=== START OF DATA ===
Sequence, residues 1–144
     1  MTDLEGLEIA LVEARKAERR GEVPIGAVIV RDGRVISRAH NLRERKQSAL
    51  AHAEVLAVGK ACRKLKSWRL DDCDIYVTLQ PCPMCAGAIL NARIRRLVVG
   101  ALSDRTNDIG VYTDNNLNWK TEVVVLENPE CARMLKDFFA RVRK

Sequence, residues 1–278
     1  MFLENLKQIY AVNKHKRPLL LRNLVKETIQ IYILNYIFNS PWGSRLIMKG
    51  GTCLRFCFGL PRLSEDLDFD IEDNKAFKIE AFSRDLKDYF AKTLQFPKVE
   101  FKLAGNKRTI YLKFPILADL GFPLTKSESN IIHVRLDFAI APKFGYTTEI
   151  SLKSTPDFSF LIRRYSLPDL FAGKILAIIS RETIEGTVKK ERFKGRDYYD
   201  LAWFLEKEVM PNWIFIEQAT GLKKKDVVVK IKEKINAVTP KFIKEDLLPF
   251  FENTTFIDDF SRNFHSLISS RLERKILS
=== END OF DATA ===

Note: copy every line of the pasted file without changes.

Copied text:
Sequence, residues 1–144
     1  MTDLEGLEIA LVEARKAERR GEVPIGAVIV RDGRVISRAH NLRERKQSAL
    51  AHAEVLAVGK ACRKLKSWRL DDCDIYVTLQ PCPMCAGAIL NARIRRLVVG
   101  ALSDRTNDIG VYTDNNLNWK TEVVVLENPE CARMLKDFFA RVRK

Sequence, residues 1–278
     1  MFLENLKQIY AVNKHKRPLL LRNLVKETIQ IYILNYIFNS PWGSRLIMKG
    51  GTCLRFCFGL PRLSEDLDFD IEDNKAFKIE AFSRDLKDYF AKTLQFPKVE
   101  FKLAGNKRTI YLKFPILADL GFPLTKSESN IIHVRLDFAI APKFGYTTEI
   151  SLKSTPDFSF LIRRYSLPDL FAGKILAIIS RETIEGTVKK ERFKGRDYYD
   201  LAWFLEKEVM PNWIFIEQAT GLKKKDVVVK IKEKINAVTP KFIKEDLLPF
   251  FENTTFIDDF SRNFHSLISS RLERKILS